BLOOMING FROM LATE SPRING TO SUMMER, VISITING BIRDS, BEES AND BUTTERFLIES WILL LOVE THIS LILLI PILLI’S POWDER-PUFF FLOWERS AS MUCH AS GARDENERS DO
One of the most popular and well-known hedging plants grown in Gold Coast gardens belongs to the group of plants known as lilli pillies.
Most lilli pillies grow into trees, often quite sizeable and in some cases giants of the rainforest. Over the past decade or so plant breeders have developed dozens of cultivars, including tall narrow specimens, perfect where space is limited, and dense bushy shrubs that tolerate regular and even heavy pruning to provide a formal hedge or simply to maintain at a moderate size.
The genus name for lilli pillies is syzygium (siz-idg-eum). The name is derived from the Greek word syzgos, which means yoking, relating to a small lid or cap that joins the petals together on some of the almost 50 species that are native to Australia.
Locally there are eight different syzygium species, two of which are endangered in their natural habitat.
All lilli pillies develop fleshy fruits after flowering, often edible, some delicious.
Syzygium luehmannii, known as riberry, was an important highly nutritious fruit of Australian Aboriginals, and was one of the first native fruits recognised by early colonists and used in jams, sauces and jellies.
Another claim to fame for S.luehmannii, the riberry (or small leaf lilli pilli) is its hybridisation or “crossing” with the genetically different syzygium wilsonii, the red powder puff lilli pilli.
The result is a small to mid-sized shrub which, if left without any pruning, may become a small semi-weeping tree around 4m tall.
The resulting hybrid is called syzygium Cascade. It has flushes of bright pink soft new growth throughout the growing season in rich contrast to its more mature light green foliage.
It’s possible to hedge Cascade, but it’s so lovely in its natural form that a light pruning after flowering might be preferred and is all that’s needed.
Fruits are also pink, and are edible. Flowers will attract nectar-eating birds, while the fruit will bring seed and soft fruit eating birds. Native and honey bees are attracted to the nectar, as are butterflies.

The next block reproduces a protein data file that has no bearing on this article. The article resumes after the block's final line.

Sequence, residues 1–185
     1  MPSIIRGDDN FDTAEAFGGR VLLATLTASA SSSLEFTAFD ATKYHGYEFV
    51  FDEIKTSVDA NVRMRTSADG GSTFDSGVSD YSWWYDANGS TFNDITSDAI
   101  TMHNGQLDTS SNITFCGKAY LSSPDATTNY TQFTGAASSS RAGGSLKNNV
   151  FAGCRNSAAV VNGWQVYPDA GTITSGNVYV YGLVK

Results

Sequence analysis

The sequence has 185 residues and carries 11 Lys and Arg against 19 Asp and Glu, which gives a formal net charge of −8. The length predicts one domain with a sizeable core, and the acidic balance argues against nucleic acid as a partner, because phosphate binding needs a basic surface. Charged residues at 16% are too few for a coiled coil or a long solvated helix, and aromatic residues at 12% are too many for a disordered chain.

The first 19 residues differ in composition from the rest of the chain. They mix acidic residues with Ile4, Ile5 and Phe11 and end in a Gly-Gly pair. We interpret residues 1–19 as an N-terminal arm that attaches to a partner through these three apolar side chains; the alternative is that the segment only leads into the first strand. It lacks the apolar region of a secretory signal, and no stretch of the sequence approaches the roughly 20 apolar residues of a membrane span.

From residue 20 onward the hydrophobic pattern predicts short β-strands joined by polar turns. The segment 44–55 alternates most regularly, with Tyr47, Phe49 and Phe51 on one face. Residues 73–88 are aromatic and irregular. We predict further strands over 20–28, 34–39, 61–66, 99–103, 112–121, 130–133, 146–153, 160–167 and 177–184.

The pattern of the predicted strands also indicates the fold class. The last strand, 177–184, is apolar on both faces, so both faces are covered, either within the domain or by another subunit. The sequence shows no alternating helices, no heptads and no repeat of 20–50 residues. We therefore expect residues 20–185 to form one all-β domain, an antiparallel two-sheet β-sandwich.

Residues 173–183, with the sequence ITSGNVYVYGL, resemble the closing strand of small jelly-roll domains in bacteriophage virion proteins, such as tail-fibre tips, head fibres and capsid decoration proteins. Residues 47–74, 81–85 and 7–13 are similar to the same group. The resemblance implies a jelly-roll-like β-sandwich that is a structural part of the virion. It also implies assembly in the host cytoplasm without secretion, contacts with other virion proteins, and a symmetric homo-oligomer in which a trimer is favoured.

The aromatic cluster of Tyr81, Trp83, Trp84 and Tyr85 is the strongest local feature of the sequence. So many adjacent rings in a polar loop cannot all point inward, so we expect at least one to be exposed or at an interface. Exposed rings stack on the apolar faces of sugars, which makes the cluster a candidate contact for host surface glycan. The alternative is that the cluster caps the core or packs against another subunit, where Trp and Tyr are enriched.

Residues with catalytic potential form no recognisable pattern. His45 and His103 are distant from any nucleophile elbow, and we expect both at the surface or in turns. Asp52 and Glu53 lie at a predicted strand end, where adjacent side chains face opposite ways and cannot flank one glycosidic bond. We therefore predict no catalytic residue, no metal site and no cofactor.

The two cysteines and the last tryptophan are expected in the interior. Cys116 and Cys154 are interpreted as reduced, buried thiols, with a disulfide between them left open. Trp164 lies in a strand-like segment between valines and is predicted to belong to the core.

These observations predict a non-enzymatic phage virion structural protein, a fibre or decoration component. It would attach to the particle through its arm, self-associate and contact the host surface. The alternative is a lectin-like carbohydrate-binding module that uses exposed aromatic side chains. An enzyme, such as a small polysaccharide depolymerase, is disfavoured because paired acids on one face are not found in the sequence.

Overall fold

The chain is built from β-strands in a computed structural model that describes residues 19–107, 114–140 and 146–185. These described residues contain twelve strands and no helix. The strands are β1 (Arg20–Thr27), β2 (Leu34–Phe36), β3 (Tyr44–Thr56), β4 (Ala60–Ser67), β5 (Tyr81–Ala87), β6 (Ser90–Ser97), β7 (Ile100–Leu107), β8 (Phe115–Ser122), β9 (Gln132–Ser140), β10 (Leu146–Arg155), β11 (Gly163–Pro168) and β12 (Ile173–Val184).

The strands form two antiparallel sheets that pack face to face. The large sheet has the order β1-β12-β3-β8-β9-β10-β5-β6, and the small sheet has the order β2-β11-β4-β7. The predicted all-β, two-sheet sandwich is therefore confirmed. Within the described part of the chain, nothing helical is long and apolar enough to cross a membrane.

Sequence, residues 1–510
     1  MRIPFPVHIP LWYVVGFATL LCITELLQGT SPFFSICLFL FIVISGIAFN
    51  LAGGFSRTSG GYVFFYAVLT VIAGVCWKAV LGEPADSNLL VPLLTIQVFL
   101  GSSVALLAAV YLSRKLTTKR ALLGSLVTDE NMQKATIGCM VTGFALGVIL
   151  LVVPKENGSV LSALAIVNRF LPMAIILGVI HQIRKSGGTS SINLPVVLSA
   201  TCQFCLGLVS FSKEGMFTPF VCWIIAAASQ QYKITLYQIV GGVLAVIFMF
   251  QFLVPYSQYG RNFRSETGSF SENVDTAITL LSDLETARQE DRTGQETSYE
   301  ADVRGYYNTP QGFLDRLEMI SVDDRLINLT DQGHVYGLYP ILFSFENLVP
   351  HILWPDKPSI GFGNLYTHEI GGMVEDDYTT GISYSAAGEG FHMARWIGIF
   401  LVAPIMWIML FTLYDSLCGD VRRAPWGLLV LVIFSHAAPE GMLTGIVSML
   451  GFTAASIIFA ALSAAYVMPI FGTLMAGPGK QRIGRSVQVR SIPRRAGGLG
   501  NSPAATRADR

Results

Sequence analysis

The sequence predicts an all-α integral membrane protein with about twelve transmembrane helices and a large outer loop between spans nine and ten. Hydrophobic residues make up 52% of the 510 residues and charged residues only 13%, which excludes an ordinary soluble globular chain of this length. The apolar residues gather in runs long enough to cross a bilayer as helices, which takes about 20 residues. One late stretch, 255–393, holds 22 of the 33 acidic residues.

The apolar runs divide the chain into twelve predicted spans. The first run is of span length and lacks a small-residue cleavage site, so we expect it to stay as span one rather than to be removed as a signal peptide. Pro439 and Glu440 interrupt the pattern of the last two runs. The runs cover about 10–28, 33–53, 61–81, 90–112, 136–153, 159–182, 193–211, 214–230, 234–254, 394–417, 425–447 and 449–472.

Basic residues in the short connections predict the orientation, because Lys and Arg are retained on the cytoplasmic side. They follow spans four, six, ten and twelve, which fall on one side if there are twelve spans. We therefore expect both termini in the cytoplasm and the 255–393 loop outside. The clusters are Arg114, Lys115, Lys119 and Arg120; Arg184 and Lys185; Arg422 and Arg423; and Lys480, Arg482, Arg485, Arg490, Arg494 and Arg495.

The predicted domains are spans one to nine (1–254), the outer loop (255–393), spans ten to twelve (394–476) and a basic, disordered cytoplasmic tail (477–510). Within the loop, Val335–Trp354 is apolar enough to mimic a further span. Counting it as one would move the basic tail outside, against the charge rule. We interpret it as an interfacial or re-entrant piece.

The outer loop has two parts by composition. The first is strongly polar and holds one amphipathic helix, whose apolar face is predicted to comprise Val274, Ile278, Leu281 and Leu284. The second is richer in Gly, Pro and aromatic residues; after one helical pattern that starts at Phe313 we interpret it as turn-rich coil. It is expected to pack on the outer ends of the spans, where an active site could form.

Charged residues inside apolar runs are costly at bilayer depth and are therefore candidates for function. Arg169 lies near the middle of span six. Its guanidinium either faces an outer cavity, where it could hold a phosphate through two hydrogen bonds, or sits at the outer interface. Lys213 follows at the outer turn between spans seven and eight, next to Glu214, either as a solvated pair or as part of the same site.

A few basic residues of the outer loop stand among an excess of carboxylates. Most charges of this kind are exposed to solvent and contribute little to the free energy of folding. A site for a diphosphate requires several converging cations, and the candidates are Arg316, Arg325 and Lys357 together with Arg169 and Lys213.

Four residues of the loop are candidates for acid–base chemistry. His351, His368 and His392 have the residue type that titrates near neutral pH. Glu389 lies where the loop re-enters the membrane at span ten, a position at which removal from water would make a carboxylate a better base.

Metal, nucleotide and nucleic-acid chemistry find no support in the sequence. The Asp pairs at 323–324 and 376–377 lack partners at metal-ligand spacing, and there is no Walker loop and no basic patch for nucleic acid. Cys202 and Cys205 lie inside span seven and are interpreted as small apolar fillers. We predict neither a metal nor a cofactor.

Syzygium Cascade grows in full sun to part shade and although it requires adequate moisture it is relatively tough through the dry season.
It’s known as a drain friendly plant and is a useful wind break.
It’s also resistant to the small pimple-like distortions sometimes seen on other lilli pillies, caused by the nymph stage of a tiny psyllid insect, which becomes embedded like scales into the underside of foliage.
This is a great plant for gardeners without space for one of the tall growing local lilli pillies, or who don’t want a formal hedge.
It will flower from late spring through summer, bring wildlife and reward with clusters of beautiful pink round powder-puff flowers up to 8cm diameter.
If you need evidence of this great looking plant, check out the tall specimens in the display gardens at the Gold Coast Regional Botanic Gardens where they are in flower now.
Kate Heffernan is a horticulturalist, educator and honorary life member of Friends of the Gold Coast Regional Botanic Gardens. You can listen to her radio show Garden Talkback on ABC 91.7FM every Saturday from 9am. She has designed a tour for garden lovers in September 2018, including a cruise along the vine-clad rivers of Portugal and the South of France, stopping at historic villages and visiting gardens. Details at kateheffernan.com.au